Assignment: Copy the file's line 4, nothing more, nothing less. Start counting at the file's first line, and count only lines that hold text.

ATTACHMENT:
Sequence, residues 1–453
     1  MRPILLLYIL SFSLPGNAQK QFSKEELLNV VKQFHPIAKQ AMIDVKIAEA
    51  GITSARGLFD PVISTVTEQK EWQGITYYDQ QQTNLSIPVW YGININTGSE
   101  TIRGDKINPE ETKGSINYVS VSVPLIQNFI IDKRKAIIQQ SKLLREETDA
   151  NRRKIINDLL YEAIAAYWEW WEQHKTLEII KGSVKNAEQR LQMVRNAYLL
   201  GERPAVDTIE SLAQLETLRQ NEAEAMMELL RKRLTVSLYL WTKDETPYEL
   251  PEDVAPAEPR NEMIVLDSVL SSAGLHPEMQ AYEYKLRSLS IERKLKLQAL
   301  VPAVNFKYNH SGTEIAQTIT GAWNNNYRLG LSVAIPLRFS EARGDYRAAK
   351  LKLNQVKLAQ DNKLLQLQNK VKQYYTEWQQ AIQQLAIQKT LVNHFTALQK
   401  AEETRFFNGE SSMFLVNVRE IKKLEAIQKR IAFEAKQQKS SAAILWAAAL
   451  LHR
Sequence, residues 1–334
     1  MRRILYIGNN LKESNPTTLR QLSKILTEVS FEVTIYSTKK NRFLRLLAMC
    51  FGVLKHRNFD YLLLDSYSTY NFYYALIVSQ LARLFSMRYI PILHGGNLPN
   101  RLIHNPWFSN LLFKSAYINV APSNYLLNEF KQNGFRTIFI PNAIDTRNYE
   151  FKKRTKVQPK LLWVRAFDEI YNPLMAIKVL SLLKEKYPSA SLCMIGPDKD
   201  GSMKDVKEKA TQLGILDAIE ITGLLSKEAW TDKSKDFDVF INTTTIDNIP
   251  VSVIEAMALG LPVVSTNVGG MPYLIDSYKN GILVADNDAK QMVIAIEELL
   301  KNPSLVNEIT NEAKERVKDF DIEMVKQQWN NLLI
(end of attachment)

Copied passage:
   101  TIRGDKINPE ETKGSINYVS VSVPLIQNFI IDKRKAIIQQ SKLLREETDA